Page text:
Permafrost soils: melting arctic tundra

Permafrost soils: melting arctic tundra

11/23/2021 – Researchers at the Alfred Wegener Institute and the Helmholtz Center for Polar and Marine Research have discovered the oldest permafrost ever found in Siberia. Researchers are now investigating how to save permafrost. Agriculture on the permafrost will also be an issue.

Permafrost survived historic summer time

Permafrost is both very flexible and very delicate. This is proved by the discovery of the oldest permafrost ever found in Siberia. Researchers took soil samples from a crater in eastern Siberia that was formed by melting ice. The frozen ground is at least 650,000 years old. This suggests that permafrost has already survived fairly warm periods in Earth’s history without completely defrosting.

There have been repeated voices of researchers in the past who saw no salvation for the world’s permafrost. He assumed that permafrost soils would automatically melt if the climate warmed. The age of permafrost now proves that is not necessarily the case.

The so-called thermokarst crater, however, shows how vulnerable the ecosystem needed for permafrost is and how quickly it can be destroyed. The international research team believes that the upper, protective layer of permafrost in Bagtai has slipped as a result of deforestation and the use of tracked vehicles. The open permafrost is now melting, although the average temperature on the slopes is minus 10 degrees Celsius. So far, researchers believe the damage is irreparable.

Carbon remains inactive in eternal ice

Permafrost soils are part of the arctic tundra ecosystem. Basically, soil is said to be permafrost if it is permanently frozen for more than two years. Most permafrost soils can be found in the Arctic, sometimes hundreds of meters deep, and are usually older than two years. A huge amount of ancient biomass is frozen in the depths of the Arctic. Many contain carbon deposits that date back to the last ice age or even earlier. So permafrost soils are huge carbon sinks. The IPCC estimates that the amount of CO presently in permafrost soils is more than double2 which is presently in the atmosphere.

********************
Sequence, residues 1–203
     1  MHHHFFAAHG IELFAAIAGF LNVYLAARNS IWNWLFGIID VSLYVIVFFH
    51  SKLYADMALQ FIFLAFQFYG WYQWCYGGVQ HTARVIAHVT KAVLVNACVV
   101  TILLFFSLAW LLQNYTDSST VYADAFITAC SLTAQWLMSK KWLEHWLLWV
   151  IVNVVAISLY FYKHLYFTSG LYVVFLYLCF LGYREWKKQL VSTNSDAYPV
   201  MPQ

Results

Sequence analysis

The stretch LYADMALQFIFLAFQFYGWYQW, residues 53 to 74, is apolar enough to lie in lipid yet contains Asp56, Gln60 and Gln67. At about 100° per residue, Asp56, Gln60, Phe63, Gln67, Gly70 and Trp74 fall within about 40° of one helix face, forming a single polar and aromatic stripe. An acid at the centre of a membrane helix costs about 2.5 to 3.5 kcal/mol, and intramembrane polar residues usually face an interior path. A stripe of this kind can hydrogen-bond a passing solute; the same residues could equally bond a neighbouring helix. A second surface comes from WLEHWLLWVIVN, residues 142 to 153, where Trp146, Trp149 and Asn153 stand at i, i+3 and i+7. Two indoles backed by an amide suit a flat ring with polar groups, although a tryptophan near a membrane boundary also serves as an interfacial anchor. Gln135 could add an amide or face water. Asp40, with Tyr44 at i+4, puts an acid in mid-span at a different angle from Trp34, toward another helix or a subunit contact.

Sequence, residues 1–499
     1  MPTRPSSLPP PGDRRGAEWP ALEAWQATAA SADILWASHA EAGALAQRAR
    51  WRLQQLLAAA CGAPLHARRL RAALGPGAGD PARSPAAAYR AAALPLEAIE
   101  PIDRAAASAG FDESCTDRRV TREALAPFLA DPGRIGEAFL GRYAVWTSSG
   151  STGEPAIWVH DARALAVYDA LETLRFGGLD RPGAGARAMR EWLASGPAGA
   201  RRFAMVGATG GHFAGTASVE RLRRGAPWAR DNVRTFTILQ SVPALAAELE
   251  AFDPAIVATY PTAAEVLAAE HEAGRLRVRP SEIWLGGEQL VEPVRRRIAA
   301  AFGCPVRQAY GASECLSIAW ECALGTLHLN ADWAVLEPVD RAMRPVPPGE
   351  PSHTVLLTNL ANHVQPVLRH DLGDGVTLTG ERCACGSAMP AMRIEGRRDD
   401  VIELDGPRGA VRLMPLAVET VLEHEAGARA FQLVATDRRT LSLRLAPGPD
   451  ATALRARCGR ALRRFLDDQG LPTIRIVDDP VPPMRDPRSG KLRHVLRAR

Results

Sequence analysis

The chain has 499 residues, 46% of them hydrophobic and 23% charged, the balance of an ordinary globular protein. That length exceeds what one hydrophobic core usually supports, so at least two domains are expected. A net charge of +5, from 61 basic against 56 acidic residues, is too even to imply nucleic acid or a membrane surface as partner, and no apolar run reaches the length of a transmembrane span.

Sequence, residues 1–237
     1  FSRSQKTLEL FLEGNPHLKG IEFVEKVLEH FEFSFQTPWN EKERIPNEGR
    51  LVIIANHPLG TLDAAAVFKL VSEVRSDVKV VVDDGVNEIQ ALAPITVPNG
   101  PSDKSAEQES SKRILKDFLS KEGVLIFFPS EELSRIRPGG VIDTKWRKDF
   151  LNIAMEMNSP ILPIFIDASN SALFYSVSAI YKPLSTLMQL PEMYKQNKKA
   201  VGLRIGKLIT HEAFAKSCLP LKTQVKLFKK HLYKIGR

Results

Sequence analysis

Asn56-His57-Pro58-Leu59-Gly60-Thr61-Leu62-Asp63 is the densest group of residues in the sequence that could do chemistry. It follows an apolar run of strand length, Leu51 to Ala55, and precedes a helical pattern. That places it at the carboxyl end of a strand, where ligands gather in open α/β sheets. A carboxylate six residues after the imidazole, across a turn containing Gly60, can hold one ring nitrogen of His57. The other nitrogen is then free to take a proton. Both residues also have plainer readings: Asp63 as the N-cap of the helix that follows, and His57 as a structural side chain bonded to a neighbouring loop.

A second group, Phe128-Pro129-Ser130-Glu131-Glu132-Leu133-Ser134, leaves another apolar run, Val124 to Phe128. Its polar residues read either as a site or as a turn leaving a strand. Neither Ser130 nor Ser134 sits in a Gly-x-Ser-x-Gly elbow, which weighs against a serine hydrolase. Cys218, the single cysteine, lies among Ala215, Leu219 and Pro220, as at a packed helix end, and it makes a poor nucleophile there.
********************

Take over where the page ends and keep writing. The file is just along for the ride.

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The melting of permafrost can have disastrous consequences. Large amounts of CO. apart from the release of2 and methane, condensation in massive amounts could potentially affect ocean currents. The melting permafrost is already literally dragging the soil beneath the feet of the people who live there. Roads, houses and pipelines are losing their foundation and sinking.

cultivate snowy land

Some researchers and politicians argue that changes in temperature in the Arctic also open up opportunities. They believe that as global warming increases, global agriculture will shift north. So Russia in particular sees itself as a potential winner of climate change.

However, scientists are still divided on whether and to what extent and for what purpose agriculture on permafrost soils is feasible and sensible. On the one hand, there are already people who plow the snowy ground. In the Yukon in northern Canada, the first farmers settled and cultivated plants in the top layer of permafrost. In the current project, the Thunen Institute in Braunschweig is researching how agricultural use of thawing permafrost soils affects soils in the Yukon. breaking the ice, The first results from their research suggest that planting results in the formation of new, fertile soil in the upper thawing layer of permafrost.

Research is also being conducted on breeding cattle on permafrost. Scientists at the Alfred Wegener Institute for Polar and Marine Research in Potsdam have been studying the properties of permafrost for many years. In collaboration with Russian scientists, they are constantly pursuing a large-scale project in Eastern Siberia, the so-called Pleistocene-Park, The thesis behind the project is that thawing of permafrost can be stopped if the original steppetundra is restored. Preliminary results suggest that the soil on which the animals graze stays cooler in winter and stores more carbon accordingly. Grazing animals, as well as local cattle breeding, can thus ensure that the permafrost soil is preserved. JB

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